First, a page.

I thought by way of a homily for this Christmas night to share with you a letter I received in response to our Christmas Card to her this year. Our card was a photograph of a Statue we have in our Infirmary Chapel of Mary holding the Infant Jesus:



Dear Abbot Steele and the Community,

Your Christmas Card was the first we received and I loved it! The way Mary looks at the Infant Jesus is so tender. I remember looking at my son, Isaac, the same way when he was just a few days old. Protective, nurturing, caring, very strong but gentle — exactly what a vulnerable little person needs. The bond lasts a lifetime and is only severed by death. However, the love never stops, it goes on beyond time.

In these incredibly selfish times, when everything is about ‘Me’ and the ‘God-of-Self,’ motherhood demands the exact opposite. That is why so many women are struggling with motherhood today, including myself. We have been brought up to be terribly, terribly selfish. Becoming a mother will literally and brutally knock it out of you/me. It is one of the most magnificent opportunities our dear God gives women: to say, “No,” to a culture that is so selfish, and to say, “Yes,” to God. Motherhood is a terribly solemn “Yes.” I can understand a tiny fragment of what Mary was saying “Yes” to, as the mother of Jesus. Mothers, naturally, closely follow their children and their development, with all the incumbent sorrows and joys; if you strike a child, you are striking the mother.

I think Mary was a very down to earth, practical mother. Too many image show her as a sappy, saccharine sweet, two-dimensional personality. It’s disappointing because it reflects on all women and all mothers. People don’t want to know that she breastfed Jesus, a necessary and wonderful way to nourish new life. She would have wiped his cute little bottom, and laughed when he tasted his first lemon and made a sour face. Those things are so important to God, and were so important to Jesus. The Incarnation is truly an amazing and fantastic thing. I hope by the grace of God to enter heaven one day and meet the Mother of God, to be embraced by her, and acknowledge and rejoice in the privilege of carrying Jesus inside us.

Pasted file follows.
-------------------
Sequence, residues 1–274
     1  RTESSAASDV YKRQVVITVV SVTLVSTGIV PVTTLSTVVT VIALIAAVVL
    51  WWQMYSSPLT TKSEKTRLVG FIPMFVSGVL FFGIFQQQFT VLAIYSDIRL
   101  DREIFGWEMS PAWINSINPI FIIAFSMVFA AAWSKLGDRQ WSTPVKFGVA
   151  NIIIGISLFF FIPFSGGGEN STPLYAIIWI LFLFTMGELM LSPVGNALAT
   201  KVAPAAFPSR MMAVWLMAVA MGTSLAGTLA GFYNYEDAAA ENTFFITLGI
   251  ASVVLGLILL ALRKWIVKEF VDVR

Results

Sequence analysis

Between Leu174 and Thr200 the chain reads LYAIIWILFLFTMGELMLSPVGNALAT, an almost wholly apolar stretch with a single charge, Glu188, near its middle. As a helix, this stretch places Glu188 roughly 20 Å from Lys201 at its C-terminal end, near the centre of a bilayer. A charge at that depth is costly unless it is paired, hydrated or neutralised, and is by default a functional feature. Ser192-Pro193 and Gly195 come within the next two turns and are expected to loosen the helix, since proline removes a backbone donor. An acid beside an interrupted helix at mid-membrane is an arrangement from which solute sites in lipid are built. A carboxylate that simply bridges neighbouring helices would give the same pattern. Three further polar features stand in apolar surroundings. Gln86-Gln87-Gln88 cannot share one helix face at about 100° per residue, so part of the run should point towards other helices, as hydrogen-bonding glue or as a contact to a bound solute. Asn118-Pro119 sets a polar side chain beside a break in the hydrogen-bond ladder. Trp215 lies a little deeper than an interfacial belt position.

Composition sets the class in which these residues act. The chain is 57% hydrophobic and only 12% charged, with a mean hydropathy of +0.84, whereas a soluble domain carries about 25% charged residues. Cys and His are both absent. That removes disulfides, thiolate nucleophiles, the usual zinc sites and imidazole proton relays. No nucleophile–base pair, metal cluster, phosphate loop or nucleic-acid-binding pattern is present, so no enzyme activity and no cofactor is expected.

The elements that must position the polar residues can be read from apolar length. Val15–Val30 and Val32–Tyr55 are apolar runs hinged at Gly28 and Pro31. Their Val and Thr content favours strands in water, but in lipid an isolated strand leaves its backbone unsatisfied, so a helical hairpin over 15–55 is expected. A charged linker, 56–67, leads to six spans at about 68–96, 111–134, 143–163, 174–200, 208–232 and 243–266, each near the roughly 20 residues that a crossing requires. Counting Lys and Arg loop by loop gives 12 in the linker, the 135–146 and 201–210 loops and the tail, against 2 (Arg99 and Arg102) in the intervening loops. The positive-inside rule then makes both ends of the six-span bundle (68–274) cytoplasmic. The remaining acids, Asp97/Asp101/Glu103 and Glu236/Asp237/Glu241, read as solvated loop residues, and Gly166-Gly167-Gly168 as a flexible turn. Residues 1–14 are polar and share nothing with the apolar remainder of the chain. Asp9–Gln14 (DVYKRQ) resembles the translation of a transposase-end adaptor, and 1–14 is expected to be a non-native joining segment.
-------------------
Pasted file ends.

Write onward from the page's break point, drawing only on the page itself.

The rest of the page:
I have missed you all very, very much. Hopefully, 2022 will permit me to have the privilege of your wonderful hospitality again.

Much love, … .

This letter says much of all that needs to be said to us this night, when our God comes to us as vulnerable little child in need of our love, protection and nurturing. These things call us out of ourselves in a love that reaches out beyond the self to The Other, so that ‘we can love the Lord our God with our whole heart, and with all our souls, and with all our strength, and our neighbour as ourself’ (Luke 10:27) — as a mother would her little child. The birth we celebrate on this holy night calls us to tenderly embrace Emmanuel, that terribly vulnerable little God in our midst. (Matthew 1:23; 18:20) For this is the message the angel brought to the shepherds, to all of us who are called to shepherd this little Lamb of God (Matthew 1:20-21; John 1:29): “Fear not, for behold, I bring you good news of great joy that will be for all the people. For unto you is born this day a Saviour, who is Christ the Lord. And this will be a sign for you: you will find a baby wrapped in swaddling cloths and lying in a manger.” (Luke 2:10-12) In this little-one-in-our-midst we are called to see the future of the world, and to do what we can to ensure that he thrives and comes to full maturity. (Luke 2:40, 51-52) May the great and wonderful blessing of this Christmas night be yours … to love and nurture throughout all the coming year and all the years ahead!

By Dom Steele Hartmann OCSO